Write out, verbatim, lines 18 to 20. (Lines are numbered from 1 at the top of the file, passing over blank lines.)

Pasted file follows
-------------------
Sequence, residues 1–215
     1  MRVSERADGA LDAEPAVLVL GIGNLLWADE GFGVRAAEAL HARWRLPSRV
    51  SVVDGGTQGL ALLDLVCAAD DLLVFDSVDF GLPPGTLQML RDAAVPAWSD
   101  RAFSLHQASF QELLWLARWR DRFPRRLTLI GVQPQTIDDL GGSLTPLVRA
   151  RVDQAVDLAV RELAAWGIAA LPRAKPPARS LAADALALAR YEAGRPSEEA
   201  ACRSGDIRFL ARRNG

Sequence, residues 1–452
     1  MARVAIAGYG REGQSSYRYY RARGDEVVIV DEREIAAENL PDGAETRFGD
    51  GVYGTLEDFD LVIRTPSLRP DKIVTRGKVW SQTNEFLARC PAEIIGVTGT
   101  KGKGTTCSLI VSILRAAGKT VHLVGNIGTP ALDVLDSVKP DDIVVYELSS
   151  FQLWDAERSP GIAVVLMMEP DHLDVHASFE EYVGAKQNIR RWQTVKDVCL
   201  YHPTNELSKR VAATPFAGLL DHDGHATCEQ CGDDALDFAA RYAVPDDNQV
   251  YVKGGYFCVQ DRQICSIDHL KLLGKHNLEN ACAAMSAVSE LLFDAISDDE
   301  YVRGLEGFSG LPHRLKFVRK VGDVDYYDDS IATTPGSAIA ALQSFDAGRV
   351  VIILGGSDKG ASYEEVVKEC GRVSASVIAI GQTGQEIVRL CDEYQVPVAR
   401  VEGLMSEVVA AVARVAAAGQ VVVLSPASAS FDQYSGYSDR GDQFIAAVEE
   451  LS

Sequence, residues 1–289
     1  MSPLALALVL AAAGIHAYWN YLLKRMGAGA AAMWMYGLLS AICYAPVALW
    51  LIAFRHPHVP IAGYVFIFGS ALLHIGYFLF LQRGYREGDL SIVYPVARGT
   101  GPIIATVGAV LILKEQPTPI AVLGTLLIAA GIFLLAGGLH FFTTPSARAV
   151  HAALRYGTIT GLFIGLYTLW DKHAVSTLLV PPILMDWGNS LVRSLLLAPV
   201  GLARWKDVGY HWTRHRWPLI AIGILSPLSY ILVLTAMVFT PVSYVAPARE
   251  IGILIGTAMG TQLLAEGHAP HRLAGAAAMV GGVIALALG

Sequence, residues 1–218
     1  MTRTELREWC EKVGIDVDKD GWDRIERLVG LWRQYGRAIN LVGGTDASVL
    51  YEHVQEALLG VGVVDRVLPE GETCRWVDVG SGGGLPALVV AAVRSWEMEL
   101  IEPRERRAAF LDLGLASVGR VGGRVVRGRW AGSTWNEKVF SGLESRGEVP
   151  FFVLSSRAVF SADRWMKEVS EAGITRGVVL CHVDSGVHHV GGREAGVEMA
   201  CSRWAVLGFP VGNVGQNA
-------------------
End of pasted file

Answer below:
Sequence, residues 1–289
     1  MSPLALALVL AAAGIHAYWN YLLKRMGAGA AAMWMYGLLS AICYAPVALW
    51  LIAFRHPHVP IAGYVFIFGS ALLHIGYFLF LQRGYREGDL SIVYPVARGT